A major study into organ donation has found the Government’s preferred ‘opt-out’ system is “unlikely to increase actual rates of organ donation”.
A change is expected to come into place in England in 2020, with both Theresa May and Jeremy Corbyn expressing their support.
But a study involving almost 1,300 people from around the world highlighted problems with opt-out systems.
Magda Osman, of Queen Mary University of London, the lead researcher, explained that it was harder to judge people’s “underlying wishes” if consent was presumed.
“If you don’t actively choose and you are listed as a donor on the register, then it isn’t clear if you really wanted to donate your organs.
“This matters if in the event of death your relatives have to decide what to do.
“They may veto the organ donation if they can’t tell for sure what your underlying wishes were.”
Researchers presented 1,294 people with fictional situations and asked them to ascertain the deceased person’s wishes.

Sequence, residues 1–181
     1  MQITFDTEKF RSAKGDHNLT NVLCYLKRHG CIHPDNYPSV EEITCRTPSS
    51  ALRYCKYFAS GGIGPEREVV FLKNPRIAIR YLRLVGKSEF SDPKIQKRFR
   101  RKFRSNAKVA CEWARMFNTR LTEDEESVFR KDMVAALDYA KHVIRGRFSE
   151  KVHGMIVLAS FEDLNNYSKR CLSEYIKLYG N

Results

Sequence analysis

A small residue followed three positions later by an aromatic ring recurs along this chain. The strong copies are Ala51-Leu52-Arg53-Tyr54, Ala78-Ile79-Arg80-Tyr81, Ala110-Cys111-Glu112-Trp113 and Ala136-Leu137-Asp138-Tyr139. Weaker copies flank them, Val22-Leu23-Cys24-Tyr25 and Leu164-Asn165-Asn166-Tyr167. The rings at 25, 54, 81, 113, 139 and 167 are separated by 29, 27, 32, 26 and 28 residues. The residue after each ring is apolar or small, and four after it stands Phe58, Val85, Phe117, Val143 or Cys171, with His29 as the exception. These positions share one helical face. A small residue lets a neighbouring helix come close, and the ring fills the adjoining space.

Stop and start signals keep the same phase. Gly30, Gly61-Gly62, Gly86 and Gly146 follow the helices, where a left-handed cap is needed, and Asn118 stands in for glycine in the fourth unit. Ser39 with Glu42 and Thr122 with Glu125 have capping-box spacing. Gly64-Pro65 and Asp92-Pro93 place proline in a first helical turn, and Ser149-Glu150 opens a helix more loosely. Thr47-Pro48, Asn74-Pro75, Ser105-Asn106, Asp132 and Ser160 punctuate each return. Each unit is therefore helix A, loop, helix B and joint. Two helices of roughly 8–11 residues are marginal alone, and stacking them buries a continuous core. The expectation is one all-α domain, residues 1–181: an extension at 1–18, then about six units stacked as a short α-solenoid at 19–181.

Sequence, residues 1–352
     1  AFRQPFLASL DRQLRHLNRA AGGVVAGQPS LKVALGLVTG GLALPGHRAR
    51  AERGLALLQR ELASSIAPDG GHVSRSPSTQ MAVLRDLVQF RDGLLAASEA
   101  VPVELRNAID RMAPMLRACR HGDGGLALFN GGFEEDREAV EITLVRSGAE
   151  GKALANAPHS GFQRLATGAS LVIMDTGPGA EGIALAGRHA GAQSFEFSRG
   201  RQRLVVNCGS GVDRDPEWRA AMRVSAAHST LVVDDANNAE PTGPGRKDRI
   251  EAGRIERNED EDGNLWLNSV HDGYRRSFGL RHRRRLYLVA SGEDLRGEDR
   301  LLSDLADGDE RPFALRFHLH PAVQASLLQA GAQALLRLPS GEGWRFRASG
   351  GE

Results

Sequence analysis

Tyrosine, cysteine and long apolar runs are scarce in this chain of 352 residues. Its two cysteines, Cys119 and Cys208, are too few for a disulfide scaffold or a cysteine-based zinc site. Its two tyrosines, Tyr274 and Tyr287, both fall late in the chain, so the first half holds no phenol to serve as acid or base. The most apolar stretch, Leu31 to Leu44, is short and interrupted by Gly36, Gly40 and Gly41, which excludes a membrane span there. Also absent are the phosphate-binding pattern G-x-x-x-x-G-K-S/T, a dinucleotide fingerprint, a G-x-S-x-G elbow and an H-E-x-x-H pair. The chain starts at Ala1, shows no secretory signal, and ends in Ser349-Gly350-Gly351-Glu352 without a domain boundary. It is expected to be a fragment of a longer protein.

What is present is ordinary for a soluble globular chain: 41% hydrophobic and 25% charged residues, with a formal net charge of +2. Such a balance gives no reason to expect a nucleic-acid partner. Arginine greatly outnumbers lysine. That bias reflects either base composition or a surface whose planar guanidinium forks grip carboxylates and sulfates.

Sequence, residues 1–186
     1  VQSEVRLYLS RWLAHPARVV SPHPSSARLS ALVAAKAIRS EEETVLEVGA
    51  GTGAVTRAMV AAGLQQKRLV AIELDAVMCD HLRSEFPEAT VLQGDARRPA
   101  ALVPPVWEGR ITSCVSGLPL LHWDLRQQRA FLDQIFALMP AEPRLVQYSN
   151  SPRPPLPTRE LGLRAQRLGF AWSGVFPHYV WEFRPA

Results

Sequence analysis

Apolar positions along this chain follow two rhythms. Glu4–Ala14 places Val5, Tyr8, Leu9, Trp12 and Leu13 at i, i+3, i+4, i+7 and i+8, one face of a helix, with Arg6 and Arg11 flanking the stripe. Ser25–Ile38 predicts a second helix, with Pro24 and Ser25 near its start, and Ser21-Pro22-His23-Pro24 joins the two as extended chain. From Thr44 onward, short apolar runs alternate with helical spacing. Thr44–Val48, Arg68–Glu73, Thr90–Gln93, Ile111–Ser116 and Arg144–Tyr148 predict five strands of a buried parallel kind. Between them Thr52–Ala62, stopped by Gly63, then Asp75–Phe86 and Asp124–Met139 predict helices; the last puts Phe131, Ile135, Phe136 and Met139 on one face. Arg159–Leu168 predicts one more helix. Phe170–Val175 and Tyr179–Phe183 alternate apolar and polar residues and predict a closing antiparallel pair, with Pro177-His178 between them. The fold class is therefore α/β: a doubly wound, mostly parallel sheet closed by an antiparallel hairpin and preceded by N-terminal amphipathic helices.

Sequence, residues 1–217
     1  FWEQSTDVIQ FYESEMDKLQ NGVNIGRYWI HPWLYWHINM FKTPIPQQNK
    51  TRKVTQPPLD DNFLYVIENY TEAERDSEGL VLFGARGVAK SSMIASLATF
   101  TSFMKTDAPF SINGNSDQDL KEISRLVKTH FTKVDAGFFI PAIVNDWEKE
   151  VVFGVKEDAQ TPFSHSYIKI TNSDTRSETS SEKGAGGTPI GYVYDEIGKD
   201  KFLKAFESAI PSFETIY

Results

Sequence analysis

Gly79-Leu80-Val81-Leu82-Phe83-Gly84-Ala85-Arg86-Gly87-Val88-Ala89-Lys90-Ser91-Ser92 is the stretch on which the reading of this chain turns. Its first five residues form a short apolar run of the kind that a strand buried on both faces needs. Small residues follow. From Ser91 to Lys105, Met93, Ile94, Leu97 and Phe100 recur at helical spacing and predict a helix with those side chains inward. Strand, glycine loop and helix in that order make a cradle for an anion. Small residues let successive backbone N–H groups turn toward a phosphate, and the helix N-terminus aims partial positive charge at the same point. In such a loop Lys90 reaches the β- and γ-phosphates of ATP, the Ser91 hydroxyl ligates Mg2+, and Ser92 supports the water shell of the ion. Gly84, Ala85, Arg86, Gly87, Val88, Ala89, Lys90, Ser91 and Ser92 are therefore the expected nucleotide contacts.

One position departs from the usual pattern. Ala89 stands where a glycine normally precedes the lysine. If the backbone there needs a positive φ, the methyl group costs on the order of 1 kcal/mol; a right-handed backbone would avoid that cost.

If you don’t actively choose and you are listed as a donor on the register, then it isn’t clear if you really wanted to donate your organs.
They found that participants believed potential donors were keener to donate under opt-in and mandated choice systems, as opposed to an opt-out system.
Dr Yiling Lin, one of the researchers involved, said: “What we show is this system is unlikely to increase actual rates of organ donation or reduce veto rates. All it will do is increase the number of people on the organ donation register.”
The results reflect the experience of Wales, which has already introduced an opt-out scheme. There is no evidence the Cardiff-backed plan is having a positive effect on donations.
At the weekend, columnist Dominic Lawson highlighted the potential drop in organs donated under the ‘opt-out’ system.
He said “the introduction of presumed consent provokes large numbers of people — who for religious or other reasons object to the idea of the state having assumed rights over their bodies — to sign the opt-out register”.
Challenging those who might see such actions as “selfish”, he added: “these are men and women who regard their choice as a personal gift, utterly different from the state presuming to take their organs as a right”.